Karachi, Sept. 25 (Reuters): For 30 years Idare-e Amn-O-Insaf, or the Organisation for Peace and Justice, dispensed legal advice to the poor, helped women and supported development projects in Pakistan.
From a small office in the southern port city of Karachi, a team of mainly Christian workers backed by the Protestant and Catholic churches did their best to help the disadvantaged in one the world’s most chaotic and unforgiving cities.
Today, their work and their world were cruelly shattered.
Two unidentified gunmen came into their unmarked office in downtown Karachi, roped the employees to their chairs and executed seven of them one by one with a pistol shot to the head. The gunmen then fled. “We don’t know how it happened,” said Sakina Rahmat, an employee of the organisation as she choked back tears. “We have no enmity with anybody. How could this happen to us'”
Rahmat usually starts work in the afternoon and was not there at the time of the attack.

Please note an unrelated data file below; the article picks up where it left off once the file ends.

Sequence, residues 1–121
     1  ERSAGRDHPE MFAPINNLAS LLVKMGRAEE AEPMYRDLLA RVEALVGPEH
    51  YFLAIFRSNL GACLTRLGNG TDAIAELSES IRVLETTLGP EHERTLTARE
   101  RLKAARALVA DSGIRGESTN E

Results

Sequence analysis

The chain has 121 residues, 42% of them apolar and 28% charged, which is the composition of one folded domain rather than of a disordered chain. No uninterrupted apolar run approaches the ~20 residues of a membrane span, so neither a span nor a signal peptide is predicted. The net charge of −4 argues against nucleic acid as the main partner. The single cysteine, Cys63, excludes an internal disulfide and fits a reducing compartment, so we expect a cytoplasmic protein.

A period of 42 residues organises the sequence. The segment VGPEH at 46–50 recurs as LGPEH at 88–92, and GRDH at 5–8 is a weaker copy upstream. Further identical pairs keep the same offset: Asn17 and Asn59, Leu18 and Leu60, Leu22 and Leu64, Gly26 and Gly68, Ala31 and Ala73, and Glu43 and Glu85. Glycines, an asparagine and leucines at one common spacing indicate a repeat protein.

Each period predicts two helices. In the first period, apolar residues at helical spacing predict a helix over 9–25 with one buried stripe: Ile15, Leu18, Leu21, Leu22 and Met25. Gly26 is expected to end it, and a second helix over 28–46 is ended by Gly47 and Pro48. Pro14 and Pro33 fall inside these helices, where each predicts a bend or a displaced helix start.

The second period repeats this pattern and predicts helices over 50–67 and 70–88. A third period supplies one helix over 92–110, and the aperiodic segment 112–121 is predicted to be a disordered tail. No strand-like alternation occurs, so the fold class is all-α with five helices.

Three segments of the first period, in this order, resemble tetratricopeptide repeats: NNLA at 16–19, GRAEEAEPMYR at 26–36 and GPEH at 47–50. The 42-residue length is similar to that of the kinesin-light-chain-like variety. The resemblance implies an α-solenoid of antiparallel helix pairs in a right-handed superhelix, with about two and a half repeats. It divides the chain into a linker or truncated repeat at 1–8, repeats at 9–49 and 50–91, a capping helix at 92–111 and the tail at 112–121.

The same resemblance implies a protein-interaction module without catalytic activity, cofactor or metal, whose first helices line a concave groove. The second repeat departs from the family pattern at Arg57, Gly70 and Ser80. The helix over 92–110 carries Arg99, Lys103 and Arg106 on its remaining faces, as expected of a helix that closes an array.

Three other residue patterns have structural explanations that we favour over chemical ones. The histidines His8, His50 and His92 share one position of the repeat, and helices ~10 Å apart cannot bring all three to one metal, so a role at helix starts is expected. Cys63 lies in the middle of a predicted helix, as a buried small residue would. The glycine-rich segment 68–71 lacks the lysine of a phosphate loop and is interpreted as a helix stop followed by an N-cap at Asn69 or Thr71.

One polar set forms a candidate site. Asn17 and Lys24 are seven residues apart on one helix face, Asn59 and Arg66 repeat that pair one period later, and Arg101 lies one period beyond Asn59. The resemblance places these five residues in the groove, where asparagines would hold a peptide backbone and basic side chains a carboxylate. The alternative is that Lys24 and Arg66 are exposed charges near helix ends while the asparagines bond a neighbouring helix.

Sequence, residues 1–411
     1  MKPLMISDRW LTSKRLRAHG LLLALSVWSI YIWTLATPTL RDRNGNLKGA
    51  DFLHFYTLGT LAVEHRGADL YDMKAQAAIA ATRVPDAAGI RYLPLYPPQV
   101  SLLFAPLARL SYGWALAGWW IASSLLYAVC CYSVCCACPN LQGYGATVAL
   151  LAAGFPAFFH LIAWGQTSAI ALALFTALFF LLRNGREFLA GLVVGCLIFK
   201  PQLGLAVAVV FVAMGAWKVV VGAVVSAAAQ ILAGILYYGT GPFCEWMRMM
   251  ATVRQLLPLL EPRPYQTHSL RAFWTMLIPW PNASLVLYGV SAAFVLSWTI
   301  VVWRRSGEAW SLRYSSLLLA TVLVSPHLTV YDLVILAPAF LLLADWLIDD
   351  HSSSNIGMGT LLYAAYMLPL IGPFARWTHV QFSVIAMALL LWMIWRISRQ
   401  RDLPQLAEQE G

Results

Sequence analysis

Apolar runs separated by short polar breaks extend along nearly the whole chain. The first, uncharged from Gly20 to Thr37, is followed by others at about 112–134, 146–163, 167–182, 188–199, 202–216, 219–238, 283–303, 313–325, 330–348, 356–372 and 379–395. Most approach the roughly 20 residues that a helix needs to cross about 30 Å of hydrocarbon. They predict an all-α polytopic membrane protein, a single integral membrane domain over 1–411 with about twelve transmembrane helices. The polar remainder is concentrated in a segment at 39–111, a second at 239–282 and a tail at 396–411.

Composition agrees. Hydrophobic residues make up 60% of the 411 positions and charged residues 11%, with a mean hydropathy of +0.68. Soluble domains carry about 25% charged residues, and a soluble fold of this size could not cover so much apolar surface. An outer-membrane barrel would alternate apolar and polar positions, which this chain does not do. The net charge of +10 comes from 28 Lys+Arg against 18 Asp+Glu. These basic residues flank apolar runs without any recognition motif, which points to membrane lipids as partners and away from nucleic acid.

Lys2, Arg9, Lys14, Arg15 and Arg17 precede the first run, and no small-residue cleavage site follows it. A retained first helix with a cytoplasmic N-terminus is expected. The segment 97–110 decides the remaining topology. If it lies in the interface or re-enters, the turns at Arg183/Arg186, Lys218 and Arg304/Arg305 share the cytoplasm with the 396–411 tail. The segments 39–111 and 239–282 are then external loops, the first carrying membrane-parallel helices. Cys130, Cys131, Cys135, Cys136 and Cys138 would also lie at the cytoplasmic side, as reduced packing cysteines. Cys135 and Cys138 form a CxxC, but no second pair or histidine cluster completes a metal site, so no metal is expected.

Today, instead of being at work she sat disconsolately at the bedside of a colleague who miraculously survived the attack, but will at best be paralysed down his left side after a bullet left part of his brain exposed.
Maqbool Inderias, a Christian lawyer who has worked with the organisation for years, was as mystified as anyone by the attack.
“It is a welfare organisation and there is no discrimination between Muslims and Christians,” he told Reuters. “We have people of both faiths working for the organisation. It has been providing relief to people of both religions.”
“I cannot understand who has done that and why,” he said. “All the victims are innocent people. They were not involved in any religious or political activities, they were simply social workers.”
Inderias said he knew two of the dead men, including John Monezes, “a lively boy” of 36 or 37.
“A thorough gentleman,” he said. “He was unmarried. I asked him when he was planning to get married. He said very soon. I can not believe he is no more.”